Biological Explanations Of Depression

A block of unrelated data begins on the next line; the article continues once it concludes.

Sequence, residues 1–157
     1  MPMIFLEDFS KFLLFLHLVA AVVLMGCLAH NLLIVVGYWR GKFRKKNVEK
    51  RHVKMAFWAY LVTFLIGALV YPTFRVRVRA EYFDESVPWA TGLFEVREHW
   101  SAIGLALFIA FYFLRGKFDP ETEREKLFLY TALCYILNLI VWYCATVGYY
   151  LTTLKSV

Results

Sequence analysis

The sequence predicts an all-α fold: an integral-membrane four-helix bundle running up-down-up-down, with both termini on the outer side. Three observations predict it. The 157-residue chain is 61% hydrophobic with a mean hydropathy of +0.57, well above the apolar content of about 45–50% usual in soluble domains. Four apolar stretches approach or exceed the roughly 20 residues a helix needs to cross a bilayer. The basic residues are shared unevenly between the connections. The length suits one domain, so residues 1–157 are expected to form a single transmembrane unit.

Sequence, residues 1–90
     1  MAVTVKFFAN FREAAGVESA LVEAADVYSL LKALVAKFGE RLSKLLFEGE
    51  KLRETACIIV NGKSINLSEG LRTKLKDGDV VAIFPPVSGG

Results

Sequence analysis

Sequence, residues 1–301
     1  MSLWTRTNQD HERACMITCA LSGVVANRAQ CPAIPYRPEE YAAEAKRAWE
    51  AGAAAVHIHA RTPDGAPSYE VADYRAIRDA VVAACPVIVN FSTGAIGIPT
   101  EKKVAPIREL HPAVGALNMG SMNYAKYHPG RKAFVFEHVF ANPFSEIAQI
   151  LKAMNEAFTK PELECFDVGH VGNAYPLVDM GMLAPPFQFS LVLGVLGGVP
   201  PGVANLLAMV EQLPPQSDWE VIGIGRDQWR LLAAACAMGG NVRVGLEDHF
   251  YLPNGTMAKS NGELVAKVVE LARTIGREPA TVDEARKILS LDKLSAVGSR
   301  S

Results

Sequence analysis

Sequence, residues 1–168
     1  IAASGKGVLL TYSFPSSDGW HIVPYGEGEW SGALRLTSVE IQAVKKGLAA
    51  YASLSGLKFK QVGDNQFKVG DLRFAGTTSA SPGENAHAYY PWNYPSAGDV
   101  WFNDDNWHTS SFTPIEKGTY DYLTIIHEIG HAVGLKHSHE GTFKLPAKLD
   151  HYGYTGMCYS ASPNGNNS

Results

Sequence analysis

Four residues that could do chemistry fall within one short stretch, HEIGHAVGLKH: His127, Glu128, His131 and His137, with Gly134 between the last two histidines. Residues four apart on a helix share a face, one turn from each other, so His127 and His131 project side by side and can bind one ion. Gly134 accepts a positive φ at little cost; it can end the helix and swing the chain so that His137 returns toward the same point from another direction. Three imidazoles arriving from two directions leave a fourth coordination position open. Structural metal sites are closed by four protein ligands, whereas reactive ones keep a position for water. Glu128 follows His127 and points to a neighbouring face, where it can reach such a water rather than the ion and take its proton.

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The biological explanations for depression centre on the mood disorder being biologically caused. Genetic factors suggest that you are born with a biological weakness which makes you unable to resist stressors, which consequently leads to depression. This is known as the diathesis stress model. The main piece of research that supports this comes from the Maudsley Hospital twin register, where concordance rates of 46% were found in MZ twins and 20% in DZ twins. This suggest that depression must be passed on through genes if there is a high concordance rate between twins which share the same genetic makeup both having depression. However, biological factors such as the amine hypothesis states that if amines such as serotonin and noradrenalin become unbalanced, they can lead to depression. PET scans support this idea as they show that low levels of serotonin are present in people that are depressed. Other supporting evidence is that drugs such as MAOI’s, which work by increasing the available amount of noradrenalin in the brain, were found to be effective in alleviating the symptoms of depression. A problem with this is that it doesn’t state whether it is cause or effect. Significant support for the biological explanation of depression comes from neuroendocrine factors. Cortisol levels are higher in depressed people. A stress reaction leads to the production of Cortisol, a key hormone in arousal. In normal people a mechanism prevents excessive or prolonged arousal in response to a stressor. In depressed people those levels are high and then go down after a depressive episode. When noradrenalin levels are low, the Cortisol levels can’t be regulated which suggests that it is linked to depression. A problem with this explanation is that it doesn’t state whether it is cause or effect. There is significant evidence to suggest that the role of hormones, (primarily
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